Once Gisella stands up and begins to move out of the way I take her place, the water now midway up my calves. The water is the coldest water I’ve ever felt. I go down to my knees, the water licking at my inner thighs, my balls, they turn to ice themselves but I don’t cower away from the chill, I embrace it. The water embraces my torso now, inviting me deeper and deeper, I begin to lie down, my hands pulling at the small pebbles of the riverbed. Finally, taking a shallow breath, I lower my head beneath the surface. I can feel the water rushing around me, my body the only warm lifeform for miles, a hot sack being frozen from the outside in, the chill growing into my bones, the top of my skull saying goodbye to the heat inside of me as it invites the ice to freeze the blood in my veins. I don’t know how long I am underneath of the water for. I take a deep breath when I arise from the rushing water and open my eyes. The sun shines through the treetops in streams. I can’t imagine that I ever felt hot in my entire life. Heat is not a thing that exists. I am new. Baptised.
I do not sit in the trunk on the drive back to the villa. I stare out at the mountaintops from the passenger seat, the smell of gasoline still creeping into my nose, dreaming of the river.
A week ago a large box of small green apples arrived in our kitchen. Crab apples, I think. I stubbed my toe on the box one night. A week later my toe is still swollen and red. I decided to cut some of the apples up, before they rot. Peaches, too. I cut the apples up, and then the peaches, as an after thought, and begin to heat sunflower oil up in a small pot on the stove, with star anise and cloves. Once the scent of the spices fills the kitchen I strain the oil from the pot, seperating the cloves and anise and then adding the hot oil back into the pan and then the apples. Some of the oil splashes my bare skin, I return the pan with the apples to the stove top, throwing a genorous pinch of cinnamon on top of the fruit and then stepping away.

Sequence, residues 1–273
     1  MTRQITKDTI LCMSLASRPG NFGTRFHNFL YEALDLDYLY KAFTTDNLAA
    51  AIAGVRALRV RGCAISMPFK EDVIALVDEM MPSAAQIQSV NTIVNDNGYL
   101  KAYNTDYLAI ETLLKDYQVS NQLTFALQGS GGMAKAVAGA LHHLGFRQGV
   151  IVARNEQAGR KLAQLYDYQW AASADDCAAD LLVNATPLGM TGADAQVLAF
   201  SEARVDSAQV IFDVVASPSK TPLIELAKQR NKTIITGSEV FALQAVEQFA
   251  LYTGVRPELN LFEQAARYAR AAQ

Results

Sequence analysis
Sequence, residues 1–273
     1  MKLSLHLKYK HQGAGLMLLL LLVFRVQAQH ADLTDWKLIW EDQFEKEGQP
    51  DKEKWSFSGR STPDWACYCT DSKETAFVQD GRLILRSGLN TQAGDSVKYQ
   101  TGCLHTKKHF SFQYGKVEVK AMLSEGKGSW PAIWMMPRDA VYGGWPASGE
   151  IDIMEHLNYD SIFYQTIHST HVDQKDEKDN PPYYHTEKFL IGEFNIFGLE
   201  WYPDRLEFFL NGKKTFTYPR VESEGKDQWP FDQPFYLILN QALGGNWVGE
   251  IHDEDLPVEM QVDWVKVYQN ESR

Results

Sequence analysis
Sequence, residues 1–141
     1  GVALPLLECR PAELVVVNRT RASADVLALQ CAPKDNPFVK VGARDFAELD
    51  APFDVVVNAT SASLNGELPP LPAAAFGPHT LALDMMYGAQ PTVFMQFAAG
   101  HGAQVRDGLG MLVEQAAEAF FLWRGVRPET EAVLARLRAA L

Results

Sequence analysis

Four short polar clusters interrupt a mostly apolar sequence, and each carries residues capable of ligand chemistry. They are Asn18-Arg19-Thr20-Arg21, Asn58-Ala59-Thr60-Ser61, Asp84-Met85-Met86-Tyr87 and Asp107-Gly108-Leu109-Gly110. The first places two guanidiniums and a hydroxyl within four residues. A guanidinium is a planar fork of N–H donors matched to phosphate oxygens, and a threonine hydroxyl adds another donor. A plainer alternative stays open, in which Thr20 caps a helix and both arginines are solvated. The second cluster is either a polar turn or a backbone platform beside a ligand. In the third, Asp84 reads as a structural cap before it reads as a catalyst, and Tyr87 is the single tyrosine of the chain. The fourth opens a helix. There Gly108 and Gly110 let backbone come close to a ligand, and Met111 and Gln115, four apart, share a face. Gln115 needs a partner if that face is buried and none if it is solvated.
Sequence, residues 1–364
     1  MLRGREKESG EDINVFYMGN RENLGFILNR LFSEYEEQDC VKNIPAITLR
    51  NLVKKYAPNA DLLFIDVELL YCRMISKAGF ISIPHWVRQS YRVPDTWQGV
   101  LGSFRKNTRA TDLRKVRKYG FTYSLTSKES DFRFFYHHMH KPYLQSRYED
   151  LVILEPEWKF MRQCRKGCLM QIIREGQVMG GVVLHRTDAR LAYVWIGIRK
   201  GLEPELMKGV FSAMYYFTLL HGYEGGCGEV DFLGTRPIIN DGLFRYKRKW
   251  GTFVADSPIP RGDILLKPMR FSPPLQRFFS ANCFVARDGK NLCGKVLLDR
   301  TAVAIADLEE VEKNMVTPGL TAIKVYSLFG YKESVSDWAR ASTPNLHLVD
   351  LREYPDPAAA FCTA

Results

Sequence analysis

I turn the oven on, turning the nob the correct way, making sure not to cut the power by turning on the broiler, and begin to cut up all of the peppers that are beginning to lose their integrity and place them into a pan. I add some tomatoes that have seen better days, and also some garlic and olive oil. I am generous with the sumac and the paprika, and gentle with the hot pepper flakes. I take my bare hands and massage all of the ingredients together and then place the pan into the oven.
Three pairs of eyes are on me now, the other workawayers, looking for work to do. The smell of cinnamon wafts through the kitchen, wafts through the house, out of the open windows and into the garden.
I love that smell, Gisella comments. The others agree, I laugh.
It’s the smell of my love. I toss a quick smile in everyone’s direction before turning my attention back to the stove top, stirring the browning apples with a small plastic spatula. I think of what else to toss into the pot.
Nutmeg, whole. I take a small jar of the pods from the cabinet and pull the metal grater from it’s hanging spot above the sink and begin to grate one of the whole seeds over the fruits. The oil sizzles as sugars begin to break down and fruit begins to liquify. I ponder if I should make myself a cup of coffee.